Alpine Hiking 3A – Elevation profile

In Chapter 1 we learned about the Geography of the Western Himalayas, Topography (Contours) and various detailed maps like Open Street Maps, Waymarked Hiking Trails and Survey of India maps to plan a hiking routes. In Chapter 2 we learned about various ways to navigate through the mountains using Mobile GPS, Geo-referenced maps, GPS logs, reference maps, contours and compass.

Now that you are familiar with planning and navigating your route, let’s take a look at various other important aspects to plan your journey:

Module 1 – Elevation profile
Module 2 – Acclimatization
Module 3 – Weather
Module 4 – Seasons
Module 5 – Food planning
Module 6 – Hydration
Module 7 – Night stay

Hiking route refers to the physical path across the mountains. Hiking journey refers to the timeline – duration, day-wise schedule, night halts, food ration, logistics, etc.

Hiking Route

One important aspect of planning your multi-day journey is identifying your night halts. The pace / duration of your hike depends on many factors like – distance, speed (fitness level), elevation gain, terrain difficulty, trail visibility, season, weather conditions, etc. In this chapter we will be taking a closer look at the elevation profile of your hike.

Let’s take a practical example. Open “Waymarked Hiking Trails”, search for “Kaliheni pass” and download the GPS log:

Elevation data

The GPX files downloaded from WHT do NOT contain elevation data. We can easily add altitude information through “” through the option “Add DEM elevation data”. This will add altitude information to your route and draw an elevation profile.

Elevation Profile

The elevation profile shows us the change in altitude (Y-axis) along the entire route / distance (X-axis). This gives us excellent insight in the ascent / descent / steepness along the route and helps us in planning our journey. In the mountains elevation gain is more important towards progress then horizontal distance.

The Kaliheni trek is around 54km from Palgan in the Kullu valley to Bara Bhanghal in the Ravi river valley. If this was in the plains we could simply walk for 3 days covering 18km every day. In the mountains however our pace / progress is mainly determined by the steepness of the route. Sections with high elevation gain will take significantly longer than those where the trail proceeds gradual / follows the contours. Also, the higher the absolute altitude (3000, 4000, 5000m) the lesser oxygen and the higher the effort to move forward.


For planning our night halts we need to identify proper campsites along the route. A campsite is usually defined as flat space where we can pitch up our tents (or a pre-existing shelter) with nearby drinkable water (stream). Use the Routing facility in OSM ( we can identify the distance to each campsite:

Night halts

Now that we know the (1) available campsites and (2) distance to each site we can combine this with the (3) elevation gain to identify suitable night halts for our multi-day hike. One meaningful journey for an average hiker (average fitness) would be something like:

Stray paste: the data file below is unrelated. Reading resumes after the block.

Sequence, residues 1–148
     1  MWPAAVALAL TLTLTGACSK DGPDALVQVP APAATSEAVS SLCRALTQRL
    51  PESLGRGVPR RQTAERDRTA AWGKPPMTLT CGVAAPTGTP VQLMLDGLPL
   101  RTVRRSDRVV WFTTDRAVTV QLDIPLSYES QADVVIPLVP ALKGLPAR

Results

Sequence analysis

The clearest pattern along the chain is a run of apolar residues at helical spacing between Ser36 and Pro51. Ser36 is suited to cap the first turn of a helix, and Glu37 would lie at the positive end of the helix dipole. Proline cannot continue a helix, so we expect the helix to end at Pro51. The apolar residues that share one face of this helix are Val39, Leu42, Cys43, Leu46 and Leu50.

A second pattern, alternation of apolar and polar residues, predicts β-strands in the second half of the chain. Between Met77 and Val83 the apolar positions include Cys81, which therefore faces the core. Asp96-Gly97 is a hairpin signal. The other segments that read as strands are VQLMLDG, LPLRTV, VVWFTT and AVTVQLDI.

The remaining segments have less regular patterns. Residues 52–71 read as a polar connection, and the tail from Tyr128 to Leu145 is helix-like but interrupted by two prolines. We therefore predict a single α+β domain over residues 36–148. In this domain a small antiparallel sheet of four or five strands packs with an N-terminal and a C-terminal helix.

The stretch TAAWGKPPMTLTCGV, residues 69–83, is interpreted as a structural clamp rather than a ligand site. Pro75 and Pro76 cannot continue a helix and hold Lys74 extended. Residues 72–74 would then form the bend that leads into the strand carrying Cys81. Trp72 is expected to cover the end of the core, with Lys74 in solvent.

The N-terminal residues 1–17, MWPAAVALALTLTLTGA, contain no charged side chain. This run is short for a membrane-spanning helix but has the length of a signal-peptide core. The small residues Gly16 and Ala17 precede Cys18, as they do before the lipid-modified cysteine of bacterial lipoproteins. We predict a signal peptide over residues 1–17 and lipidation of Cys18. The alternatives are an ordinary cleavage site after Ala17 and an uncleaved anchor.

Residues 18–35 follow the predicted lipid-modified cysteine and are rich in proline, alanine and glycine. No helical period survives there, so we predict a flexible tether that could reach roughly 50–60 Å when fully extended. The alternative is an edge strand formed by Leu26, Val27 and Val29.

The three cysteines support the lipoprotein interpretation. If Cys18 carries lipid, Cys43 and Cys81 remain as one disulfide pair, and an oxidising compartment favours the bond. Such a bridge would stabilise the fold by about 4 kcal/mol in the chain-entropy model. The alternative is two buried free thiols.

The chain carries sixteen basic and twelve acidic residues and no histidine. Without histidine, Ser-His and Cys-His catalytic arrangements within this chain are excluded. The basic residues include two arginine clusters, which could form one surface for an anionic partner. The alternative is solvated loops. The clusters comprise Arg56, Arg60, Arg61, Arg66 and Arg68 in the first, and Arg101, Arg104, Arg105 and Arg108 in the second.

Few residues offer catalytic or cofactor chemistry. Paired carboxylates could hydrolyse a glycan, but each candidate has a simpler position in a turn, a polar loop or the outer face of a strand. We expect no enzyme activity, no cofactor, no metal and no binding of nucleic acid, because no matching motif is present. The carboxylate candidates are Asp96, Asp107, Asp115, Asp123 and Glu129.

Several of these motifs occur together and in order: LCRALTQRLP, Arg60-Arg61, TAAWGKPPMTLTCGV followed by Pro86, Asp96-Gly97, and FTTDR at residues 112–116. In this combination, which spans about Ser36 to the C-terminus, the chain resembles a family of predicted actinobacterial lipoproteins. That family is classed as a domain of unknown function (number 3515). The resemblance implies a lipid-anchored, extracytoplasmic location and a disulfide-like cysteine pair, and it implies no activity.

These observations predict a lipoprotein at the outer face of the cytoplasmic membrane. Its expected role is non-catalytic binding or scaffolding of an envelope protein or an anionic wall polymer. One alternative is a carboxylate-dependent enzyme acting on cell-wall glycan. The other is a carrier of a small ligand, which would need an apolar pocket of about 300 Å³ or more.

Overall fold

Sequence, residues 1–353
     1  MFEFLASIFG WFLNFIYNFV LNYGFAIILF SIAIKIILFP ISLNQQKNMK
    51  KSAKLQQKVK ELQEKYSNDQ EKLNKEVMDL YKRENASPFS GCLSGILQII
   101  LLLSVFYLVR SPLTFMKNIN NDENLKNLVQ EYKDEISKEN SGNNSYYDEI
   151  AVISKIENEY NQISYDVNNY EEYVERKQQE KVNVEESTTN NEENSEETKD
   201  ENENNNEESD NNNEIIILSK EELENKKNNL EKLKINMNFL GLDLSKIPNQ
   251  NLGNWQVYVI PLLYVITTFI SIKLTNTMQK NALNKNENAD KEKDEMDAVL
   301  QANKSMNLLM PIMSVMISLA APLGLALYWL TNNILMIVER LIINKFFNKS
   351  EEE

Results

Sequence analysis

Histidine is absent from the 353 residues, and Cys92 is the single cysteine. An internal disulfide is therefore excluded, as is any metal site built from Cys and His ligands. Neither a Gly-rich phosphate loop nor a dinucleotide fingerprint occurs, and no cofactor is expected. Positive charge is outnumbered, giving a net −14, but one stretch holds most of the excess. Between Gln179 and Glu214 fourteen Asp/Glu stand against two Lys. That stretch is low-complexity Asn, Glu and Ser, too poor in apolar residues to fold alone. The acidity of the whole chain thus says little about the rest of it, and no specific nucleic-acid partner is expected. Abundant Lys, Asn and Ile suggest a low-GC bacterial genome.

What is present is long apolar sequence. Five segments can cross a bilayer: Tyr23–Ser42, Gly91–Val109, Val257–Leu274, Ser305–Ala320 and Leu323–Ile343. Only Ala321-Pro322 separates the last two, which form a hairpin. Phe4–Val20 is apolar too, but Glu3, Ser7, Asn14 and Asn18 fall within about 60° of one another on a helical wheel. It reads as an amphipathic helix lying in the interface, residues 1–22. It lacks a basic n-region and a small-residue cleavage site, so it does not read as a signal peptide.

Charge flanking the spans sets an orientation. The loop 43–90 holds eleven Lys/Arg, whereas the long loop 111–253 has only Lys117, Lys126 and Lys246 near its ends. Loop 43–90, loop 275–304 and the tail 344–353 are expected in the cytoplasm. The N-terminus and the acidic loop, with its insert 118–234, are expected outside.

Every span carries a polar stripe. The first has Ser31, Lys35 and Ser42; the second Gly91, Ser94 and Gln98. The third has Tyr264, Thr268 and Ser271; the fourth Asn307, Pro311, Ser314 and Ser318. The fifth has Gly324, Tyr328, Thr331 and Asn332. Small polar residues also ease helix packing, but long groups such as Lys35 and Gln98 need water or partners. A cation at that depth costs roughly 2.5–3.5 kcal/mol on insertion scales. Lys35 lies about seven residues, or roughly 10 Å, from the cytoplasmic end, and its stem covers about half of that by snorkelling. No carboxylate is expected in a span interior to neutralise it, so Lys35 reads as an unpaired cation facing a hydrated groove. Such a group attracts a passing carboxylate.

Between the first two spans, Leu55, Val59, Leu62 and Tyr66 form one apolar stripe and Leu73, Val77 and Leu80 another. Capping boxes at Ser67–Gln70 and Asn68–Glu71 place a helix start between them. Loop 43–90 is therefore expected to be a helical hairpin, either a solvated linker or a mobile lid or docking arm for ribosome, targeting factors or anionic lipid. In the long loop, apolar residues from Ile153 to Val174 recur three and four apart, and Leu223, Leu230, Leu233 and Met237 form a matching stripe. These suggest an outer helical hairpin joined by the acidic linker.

Day 1
Pangan – 1860m
Campsite 2900m
A short 3km hike but lot of elevation gain 1040m which would be a significant effort for the fresh hiker
An altitude of 2900m provides proper acclimatization before proceeding higher

Day 2
Riyali Thach 3500m
A short 7km hike with moderate gain 600m
Fit hikers can possibly skip this site and proceed to the next one
Freshers should take it easy for proper acclimatization (500m per day above 3000m)

Day 3
Sanghor 3950m
A short 6km hike with moderate gain 450m
Staying at 3950m acclimatizes us properly for the 4820m pass cross the next day

Day 4
Kaliheni pass 4820m
A short 3km but steep ascent to the pass with nearly 900m elevation gain
Start early morning to cross the pass in a clear / stable weather window
Descend 6.6km to Devi ki Marhi II shelter 4000m
Good to drop down 800m to stay at lower altitude (warmer, more oxygen)

Day 5
Longer traverse 19km
Initial gradual downhill (fast) for 12km
After that a steep 600m elevation gain and drop to
Sunni Thach at 3500m

Day 6
Half day short hike 8km to Bara Bhanghal
1000m elevation drop

As you can see planning the journey for a multi-day hike across a high pass requires to look at various aspects: distance, available campsites, elevation gain, absolute altitude (acclimatization), timing of pass crossing (weather).


Time for hands-on! Practice makes perfect! Open Waymarked Hiking Trails, search for the “Thamsar pass”, download the GPS log, generate an elevation profile, identify available campsites and propose a probably multi-day journey across the pass from Bada Gran in the Uhl river valley to Bara Bhanghal in the Ravi river valley. Submit your journey + link to an annotated elevation profile showing the night stops (distance, elevation) for review.

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